Another one bites the dust.
New York Rangers center Derek Stepan was injured during a conditioning test Tuesday and had to be helped off the ice. The team says Stepan suffered a fractured fibula and that there is no timetable for his return.
Without Stepan, the Rangers lose a player who scored 57 points for them last season – second most on the team. Read more
2013-14 record: 45-31-6
Acquisitions: Ryan Malone, Kevin Hayes, Lee Stempniak, Matt Lombardi, Nick Tarnasky, Cedrick Desjardins, Mike Kostka, Dan Boyle, Tanner Glass, Steve Kampfer, Matt Hunwick
Departures: Darroll Powe, Justin Falk, Brian Boyle, Brad Richards, Stu Bickel, Benoit Pouliot, Anton Stralman, Derek Dorsett
Top five fantasy players: Martin St-Louis, Derek Stepan, Mats Zuccarello, Rick Nash, Chris Kreider
Boom, Bust and Bottom Line: The best, worst and most likely scenario
Boom: A Rangers team that gave the Kings a modicum of resistance before falling in five games in the Stanley Cup final suffered some losses – and made some gains – over the summer. Read more
Tampa Bay Lightning superstar Steven Stamkos is on the cover of the latest issue of The Hockey News. I was tasked with getting ‘Stammer’ on the phone for the article, which also included interviews with teammates, family and others who know the captain.
And as it happens, Stamkos has impeccable timing that stretches far beyond his goal-scoring prowess. The day Stamkos was supposed to call me, he was given my office number and my cell phone number, since I would be commuting home at one point. In Toronto, the subway line is almost entirely underground, with only a handful of stops offering daylight – and therefore, cell phone signal. Just as my train pulled into one such stop, my phone rang. I pulled one earbud out and with my iPod still blaring into the other side of my head, answered the phone as I jumped onto the station platform. It was Stamkos.
The shootout is one of the most controversial aspects of today’s hockey game and I get the feeling its approval rating continues to dwindle. On top of the people who always hated it, you have a new faction of folks who are bored of the spectacle. Thankfully, 3-on-3 overtime can save us all.
Ryan Johansen’s contract negotiations with the Columbus Blue Jackets are…contentious. Yesterday started with Blue Jackets GM Jarmo Kekalainen drawing a line in the sand by insinuating the start of training camp as a cut off point. Later on, team president John Davidson took aim at Johansen’s agent Kurt Overhardt by saying the numbers he was throwing out made no sense and were embarrassing.
This sounds like it could be one of the bigger RFA battles the NHL has had in recent years, but there’s still a little time before training camps open. And it’s not like it would be the first time a player has missed the start of training camp with a contract dispute.
It actually used to happen a lot more in the NHL. In the 1990s, it was a regular, yearly thing most teams would have to deal with at one point or another. The only great leverage an RFA without arbitration rights has is to stay home and make the team sweat. It maybe doesn’t happen as often as it used to, but the Johansen situation is hardly unique to the NHL today. Heck, Torey Krug, Jaden Schwartz, Reilly Smith, Darcy Kuemper and Cody Eakin are going through their own, less-publicized negotiations right now too.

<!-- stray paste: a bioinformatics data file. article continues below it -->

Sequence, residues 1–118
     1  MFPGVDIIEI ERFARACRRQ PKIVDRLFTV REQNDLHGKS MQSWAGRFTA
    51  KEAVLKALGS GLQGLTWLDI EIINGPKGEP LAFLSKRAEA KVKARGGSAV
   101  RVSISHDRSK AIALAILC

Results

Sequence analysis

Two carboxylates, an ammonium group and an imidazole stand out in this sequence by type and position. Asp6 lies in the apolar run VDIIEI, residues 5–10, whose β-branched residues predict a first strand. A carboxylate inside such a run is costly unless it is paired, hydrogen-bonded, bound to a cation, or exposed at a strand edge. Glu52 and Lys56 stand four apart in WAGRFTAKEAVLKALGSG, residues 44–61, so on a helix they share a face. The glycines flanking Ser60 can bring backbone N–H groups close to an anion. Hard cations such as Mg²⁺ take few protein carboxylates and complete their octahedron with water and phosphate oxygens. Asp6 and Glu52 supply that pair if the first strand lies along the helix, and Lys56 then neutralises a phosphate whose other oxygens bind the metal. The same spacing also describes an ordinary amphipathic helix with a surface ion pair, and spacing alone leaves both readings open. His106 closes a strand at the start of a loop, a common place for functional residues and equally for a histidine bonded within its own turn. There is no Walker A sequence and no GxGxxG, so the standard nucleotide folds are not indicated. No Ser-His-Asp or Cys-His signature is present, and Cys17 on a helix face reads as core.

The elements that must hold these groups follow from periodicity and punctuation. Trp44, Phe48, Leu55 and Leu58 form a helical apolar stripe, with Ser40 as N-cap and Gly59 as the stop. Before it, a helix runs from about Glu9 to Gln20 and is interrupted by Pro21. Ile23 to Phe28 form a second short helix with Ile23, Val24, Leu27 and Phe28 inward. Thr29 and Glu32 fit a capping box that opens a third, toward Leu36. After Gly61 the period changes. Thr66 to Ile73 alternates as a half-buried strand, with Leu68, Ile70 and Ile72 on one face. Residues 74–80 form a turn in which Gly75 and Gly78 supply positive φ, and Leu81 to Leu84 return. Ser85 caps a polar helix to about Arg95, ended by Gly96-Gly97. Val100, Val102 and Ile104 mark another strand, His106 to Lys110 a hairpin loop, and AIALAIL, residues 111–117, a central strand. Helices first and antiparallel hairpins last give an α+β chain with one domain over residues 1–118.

We take a look at some of the more recent RFAs who missed all or a portion of training camp over a contract dispute and what the outcome was. We didn’t want to look too far back at every situation because market conditions have changed, especially when looking back past the 2004-05 lockout. Anything before then is basically no influence on Johansen’s situation. Just don’t call these guys holdouts.
Derek Stepan, New York Rangers
Prior to last season, Stepan missed 16 days of training camp before settling on a bridge deal with the Rangers. Stepan ended up signing a two-year deal that has a $3.075 million salary cap charge. Read more
The annual Traverse City prospects tournament is in the books for another year and this time, Columbus came out on top despite losing 2014 first-rounder Sonny Milano in the first game.
Despite boasting some of the biggest names in the tournament, the Sabres ended up dead-last, losing to the Blues in their final match to go winless overall. Coach Chadd Cassidy believes bad starts doomed the squad and the fairly young group just couldn’t get over the pressure once they got down.
But how did the individuals fare at the tourney? Here are my thoughts on players from the first four teams. Since games were staggered between two rinks, I saw more of some squads than others and the amount of reports reflects that.
Kevin Hayes is one of the biggest names playing at the Traverse City prospects tournament in Michigan. Heck, he’s been one of the biggest names in hockey this summer. That’s because his senior season at Boston College was so scintillating that teams were fiending to sign him up once it became apparent he would not sign with the team that drafted him, the Chicago Blackhawks.
After weeks of silence, the stalled contract talks between the Columbus Blue Jackets and Ryan Johansen’s agent are expected to resume this weekend. The Columbus Dispatch’s Aaron Portzline reports agent Kurt Overhardt is expected to meet with club management for its first face-to-face discussions.
Portzline claims the two sides have agreed to a two-year bridge deal, but remain apart by about $3 million per season. The Jackets are reportedly offering $3.5 million annually, while Overhardt is seeking $6.5 million.
If a deal isn’t reached by Wednesday, Portzline notes Johansen will be asked to vacate his space in the Blue Jackets dressing room at Nationwide Arena and will be barred from the building. That appears extreme, but it’s likely for insurance purposes. Johansen cannot train with the club without a contract unless he pays his own insurance costs. Read more